Among the significant cruise liner business warned investors it might go bankrupt.

What occurred

Cruise ship stocks sank on Tuesday after Norwegian Cruise Line Holdings( NYSE: NCLH) said it had “significant doubt about [its] capability to continue as a going concern.”

Since 3: 35 p.m. EDT, shares of Norwegian, Royal Caribbean( NYSE: RCL), and Carnival( NYSE: CCL) were down 22%, 10%, and 9%, respectively.

So what

It’s not easy being a cruise ship operator during a global pandemic These beleaguered cruise ship companies have been forced to turn to the financial obligation markets to raise cash in hopes of remaining afloat till their ships can resume sailing as soon as again.

A cruise ship sailing at night.

Cruise ship stocks fell dramatically on Tuesday, following an insolvency caution by Norwegian Cruise Line Holdings. Image source: Getty Images.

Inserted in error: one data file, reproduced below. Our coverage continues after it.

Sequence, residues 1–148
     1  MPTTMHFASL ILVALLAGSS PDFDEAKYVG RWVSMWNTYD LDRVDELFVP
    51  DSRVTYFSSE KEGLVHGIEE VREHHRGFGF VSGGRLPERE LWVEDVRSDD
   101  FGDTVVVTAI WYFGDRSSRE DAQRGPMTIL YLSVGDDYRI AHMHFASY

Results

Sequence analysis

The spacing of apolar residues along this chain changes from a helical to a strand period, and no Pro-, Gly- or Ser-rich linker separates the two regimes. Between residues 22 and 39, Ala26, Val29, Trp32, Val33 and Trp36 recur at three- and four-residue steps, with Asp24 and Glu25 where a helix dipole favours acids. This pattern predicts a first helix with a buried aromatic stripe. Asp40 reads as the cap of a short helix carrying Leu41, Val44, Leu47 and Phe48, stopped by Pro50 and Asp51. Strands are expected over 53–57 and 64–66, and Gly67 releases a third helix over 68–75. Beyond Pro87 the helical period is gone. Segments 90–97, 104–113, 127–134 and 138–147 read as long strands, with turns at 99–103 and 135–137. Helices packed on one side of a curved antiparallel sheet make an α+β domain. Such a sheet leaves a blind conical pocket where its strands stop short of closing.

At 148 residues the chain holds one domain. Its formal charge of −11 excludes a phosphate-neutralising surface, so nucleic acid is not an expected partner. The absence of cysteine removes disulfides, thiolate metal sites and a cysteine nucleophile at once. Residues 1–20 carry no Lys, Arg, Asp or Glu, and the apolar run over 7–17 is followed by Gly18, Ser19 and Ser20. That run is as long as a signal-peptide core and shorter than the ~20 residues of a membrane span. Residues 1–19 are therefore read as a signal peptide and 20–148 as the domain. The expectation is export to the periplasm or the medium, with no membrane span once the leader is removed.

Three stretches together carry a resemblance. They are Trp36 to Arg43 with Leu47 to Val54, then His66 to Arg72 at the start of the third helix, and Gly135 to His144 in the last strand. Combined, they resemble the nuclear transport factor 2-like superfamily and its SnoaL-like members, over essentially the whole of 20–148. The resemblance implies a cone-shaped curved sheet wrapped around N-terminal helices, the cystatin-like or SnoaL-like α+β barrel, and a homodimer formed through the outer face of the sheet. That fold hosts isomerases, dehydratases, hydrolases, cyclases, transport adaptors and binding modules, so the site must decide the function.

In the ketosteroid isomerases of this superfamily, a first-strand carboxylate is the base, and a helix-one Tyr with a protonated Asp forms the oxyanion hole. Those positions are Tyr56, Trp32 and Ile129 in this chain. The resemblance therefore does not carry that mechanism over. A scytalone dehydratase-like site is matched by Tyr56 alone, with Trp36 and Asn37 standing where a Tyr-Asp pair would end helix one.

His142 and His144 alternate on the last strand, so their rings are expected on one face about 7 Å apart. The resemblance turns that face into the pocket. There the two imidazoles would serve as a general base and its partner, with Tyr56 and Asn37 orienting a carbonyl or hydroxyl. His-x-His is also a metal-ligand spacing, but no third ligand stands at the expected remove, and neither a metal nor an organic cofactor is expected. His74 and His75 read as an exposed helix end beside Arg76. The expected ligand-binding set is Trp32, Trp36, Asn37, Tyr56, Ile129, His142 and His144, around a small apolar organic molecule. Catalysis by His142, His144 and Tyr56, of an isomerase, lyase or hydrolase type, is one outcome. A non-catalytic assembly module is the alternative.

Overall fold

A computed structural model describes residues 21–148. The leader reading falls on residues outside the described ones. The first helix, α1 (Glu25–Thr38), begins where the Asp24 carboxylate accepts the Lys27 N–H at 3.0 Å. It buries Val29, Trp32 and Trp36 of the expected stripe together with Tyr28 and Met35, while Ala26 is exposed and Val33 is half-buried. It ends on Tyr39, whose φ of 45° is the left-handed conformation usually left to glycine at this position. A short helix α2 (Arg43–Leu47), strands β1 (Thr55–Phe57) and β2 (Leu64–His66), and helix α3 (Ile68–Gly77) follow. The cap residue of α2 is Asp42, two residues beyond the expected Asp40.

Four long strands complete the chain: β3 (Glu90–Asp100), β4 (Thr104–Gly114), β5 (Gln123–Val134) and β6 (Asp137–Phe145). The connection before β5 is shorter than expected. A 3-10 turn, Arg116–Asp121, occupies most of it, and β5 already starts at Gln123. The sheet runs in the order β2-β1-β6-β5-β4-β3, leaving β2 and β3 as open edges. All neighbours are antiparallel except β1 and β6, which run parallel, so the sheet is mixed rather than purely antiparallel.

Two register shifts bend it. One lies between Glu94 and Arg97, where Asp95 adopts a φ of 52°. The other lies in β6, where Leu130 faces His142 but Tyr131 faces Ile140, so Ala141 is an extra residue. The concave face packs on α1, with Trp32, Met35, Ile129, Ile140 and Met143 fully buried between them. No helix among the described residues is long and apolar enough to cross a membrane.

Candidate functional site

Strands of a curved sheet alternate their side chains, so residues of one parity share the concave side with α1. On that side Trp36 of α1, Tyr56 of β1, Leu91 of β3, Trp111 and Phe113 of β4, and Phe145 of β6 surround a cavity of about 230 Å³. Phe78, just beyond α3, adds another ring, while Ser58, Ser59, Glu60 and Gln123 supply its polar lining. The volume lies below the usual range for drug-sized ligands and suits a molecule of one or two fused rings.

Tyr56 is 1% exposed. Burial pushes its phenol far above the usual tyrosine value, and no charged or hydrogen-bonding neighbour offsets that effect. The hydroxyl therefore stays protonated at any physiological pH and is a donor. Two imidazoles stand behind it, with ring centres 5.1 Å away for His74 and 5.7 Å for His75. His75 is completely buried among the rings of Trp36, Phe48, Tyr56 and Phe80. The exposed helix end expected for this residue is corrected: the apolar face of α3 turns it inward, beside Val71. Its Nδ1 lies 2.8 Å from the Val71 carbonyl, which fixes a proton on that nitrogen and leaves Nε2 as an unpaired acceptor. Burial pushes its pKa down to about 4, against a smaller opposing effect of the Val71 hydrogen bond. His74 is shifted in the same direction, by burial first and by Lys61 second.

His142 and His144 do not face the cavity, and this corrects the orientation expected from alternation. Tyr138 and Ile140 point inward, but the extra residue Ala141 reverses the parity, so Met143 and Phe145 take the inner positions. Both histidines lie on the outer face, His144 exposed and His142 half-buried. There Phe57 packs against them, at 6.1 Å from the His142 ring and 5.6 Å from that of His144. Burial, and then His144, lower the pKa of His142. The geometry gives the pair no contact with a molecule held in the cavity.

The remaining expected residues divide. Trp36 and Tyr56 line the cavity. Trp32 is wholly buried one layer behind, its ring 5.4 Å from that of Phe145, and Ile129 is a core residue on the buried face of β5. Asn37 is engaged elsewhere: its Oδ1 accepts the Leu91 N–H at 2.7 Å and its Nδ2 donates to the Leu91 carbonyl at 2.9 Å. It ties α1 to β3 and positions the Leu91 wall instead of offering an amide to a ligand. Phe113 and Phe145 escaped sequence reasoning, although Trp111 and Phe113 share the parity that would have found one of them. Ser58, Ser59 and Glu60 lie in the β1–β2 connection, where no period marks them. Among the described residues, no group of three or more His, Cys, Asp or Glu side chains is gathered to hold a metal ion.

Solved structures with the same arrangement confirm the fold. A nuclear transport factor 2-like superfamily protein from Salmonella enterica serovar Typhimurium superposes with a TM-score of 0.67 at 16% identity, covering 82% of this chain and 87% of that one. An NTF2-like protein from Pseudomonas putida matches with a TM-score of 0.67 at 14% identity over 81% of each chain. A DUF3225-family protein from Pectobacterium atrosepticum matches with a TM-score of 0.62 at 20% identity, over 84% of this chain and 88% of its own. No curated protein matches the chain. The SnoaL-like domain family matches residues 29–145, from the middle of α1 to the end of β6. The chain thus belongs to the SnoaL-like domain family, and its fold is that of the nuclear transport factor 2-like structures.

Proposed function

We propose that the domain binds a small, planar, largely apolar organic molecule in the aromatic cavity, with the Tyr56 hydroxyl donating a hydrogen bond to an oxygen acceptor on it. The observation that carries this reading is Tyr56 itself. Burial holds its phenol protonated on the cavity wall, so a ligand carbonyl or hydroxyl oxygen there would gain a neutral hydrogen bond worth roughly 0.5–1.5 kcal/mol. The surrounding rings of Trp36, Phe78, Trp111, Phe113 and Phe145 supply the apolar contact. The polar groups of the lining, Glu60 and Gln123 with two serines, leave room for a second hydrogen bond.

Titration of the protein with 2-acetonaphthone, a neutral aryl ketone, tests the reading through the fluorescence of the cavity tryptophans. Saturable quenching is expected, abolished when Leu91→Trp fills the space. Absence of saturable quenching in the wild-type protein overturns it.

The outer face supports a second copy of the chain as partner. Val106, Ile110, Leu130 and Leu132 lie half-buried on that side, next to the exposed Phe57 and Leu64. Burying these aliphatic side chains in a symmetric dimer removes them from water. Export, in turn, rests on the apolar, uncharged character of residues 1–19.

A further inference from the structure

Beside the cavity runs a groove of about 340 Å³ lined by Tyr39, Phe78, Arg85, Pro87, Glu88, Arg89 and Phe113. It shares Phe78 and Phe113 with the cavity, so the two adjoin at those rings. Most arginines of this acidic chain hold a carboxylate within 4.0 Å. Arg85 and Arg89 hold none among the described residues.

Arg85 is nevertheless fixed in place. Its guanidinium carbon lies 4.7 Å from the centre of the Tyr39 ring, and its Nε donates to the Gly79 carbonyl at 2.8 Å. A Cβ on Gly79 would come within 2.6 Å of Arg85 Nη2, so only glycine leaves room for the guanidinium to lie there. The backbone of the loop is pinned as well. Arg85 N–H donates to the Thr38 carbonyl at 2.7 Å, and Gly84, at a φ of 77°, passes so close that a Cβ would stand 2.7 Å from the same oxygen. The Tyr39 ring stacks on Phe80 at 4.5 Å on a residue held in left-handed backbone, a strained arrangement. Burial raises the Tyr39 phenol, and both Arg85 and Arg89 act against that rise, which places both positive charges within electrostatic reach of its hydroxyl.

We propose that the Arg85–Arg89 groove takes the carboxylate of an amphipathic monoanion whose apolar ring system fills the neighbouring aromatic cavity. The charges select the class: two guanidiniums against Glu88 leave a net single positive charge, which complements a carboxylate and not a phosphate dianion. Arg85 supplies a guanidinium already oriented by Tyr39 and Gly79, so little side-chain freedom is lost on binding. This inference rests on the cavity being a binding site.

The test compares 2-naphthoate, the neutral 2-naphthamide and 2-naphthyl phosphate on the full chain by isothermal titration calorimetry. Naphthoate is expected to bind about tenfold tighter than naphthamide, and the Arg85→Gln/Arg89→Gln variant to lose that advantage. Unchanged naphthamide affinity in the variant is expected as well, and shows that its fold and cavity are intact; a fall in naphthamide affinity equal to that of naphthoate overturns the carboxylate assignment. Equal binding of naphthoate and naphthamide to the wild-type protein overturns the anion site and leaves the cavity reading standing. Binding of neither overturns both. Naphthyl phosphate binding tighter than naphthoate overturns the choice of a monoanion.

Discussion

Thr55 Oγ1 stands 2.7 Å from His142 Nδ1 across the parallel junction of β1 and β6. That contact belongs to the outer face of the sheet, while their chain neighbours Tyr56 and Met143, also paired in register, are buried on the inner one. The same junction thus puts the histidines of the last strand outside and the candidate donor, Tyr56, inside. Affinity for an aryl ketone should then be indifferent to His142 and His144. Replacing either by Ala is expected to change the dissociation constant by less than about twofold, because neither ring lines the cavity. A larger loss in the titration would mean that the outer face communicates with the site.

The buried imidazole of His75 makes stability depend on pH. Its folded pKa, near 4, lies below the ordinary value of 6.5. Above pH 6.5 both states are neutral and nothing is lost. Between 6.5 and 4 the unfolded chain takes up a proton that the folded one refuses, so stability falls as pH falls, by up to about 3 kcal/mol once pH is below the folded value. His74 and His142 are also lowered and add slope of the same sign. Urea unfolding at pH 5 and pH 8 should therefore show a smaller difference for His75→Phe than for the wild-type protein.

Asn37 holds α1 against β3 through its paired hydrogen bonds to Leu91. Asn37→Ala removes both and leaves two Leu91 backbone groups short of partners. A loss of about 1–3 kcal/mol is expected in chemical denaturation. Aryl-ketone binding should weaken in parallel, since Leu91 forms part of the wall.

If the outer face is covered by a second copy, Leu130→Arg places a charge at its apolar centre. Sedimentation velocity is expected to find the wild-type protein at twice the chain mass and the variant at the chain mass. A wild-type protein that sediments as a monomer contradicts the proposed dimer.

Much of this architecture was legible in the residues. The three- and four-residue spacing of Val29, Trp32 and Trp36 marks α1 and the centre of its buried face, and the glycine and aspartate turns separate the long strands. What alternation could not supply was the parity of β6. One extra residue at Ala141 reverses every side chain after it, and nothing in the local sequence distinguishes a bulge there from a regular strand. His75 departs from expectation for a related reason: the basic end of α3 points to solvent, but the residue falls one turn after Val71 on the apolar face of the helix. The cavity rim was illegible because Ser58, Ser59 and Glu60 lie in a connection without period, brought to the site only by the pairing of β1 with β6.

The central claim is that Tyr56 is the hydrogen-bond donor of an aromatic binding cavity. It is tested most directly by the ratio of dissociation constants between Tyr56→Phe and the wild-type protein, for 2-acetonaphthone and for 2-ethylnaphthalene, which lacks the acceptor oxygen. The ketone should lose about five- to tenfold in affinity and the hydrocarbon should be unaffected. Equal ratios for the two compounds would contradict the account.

Now what

Even if Norwegian has the ability to obtain the money it needs, the coast is still far from clear. The rising variety of COVID-19 cases in the U.S. and other parts of the world are making it progressively likely that health organizations like the Centers for Illness Control and Avoidance (CDC) might extend sailing constraints for cruise ships. Worse still, even when these limitations are lifted, many individuals may choose to forego cruise liner travel due to fears of getting ill.

Therefore, in spite of their recent– and potentially future– capital raises, Norwegian, Royal Caribbean, and Carnival are likely to stay in a battle for survival. Unless a vaccine or reliable treatment for COVID-19 is developed quickly, personal bankruptcy might be an unfortunate possibility for one or more of the significant cruise ship operators.


Joe Tenebruso has no position in any of the stocks mentioned. The Motley Fool recommends Carnival. The Motley Fool has a disclosure policy.

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Joe Tenebruso has no position in any of the stocks pointed out.

The Motley Fool suggests Carnival. The Motley Fool has a disclosure policy

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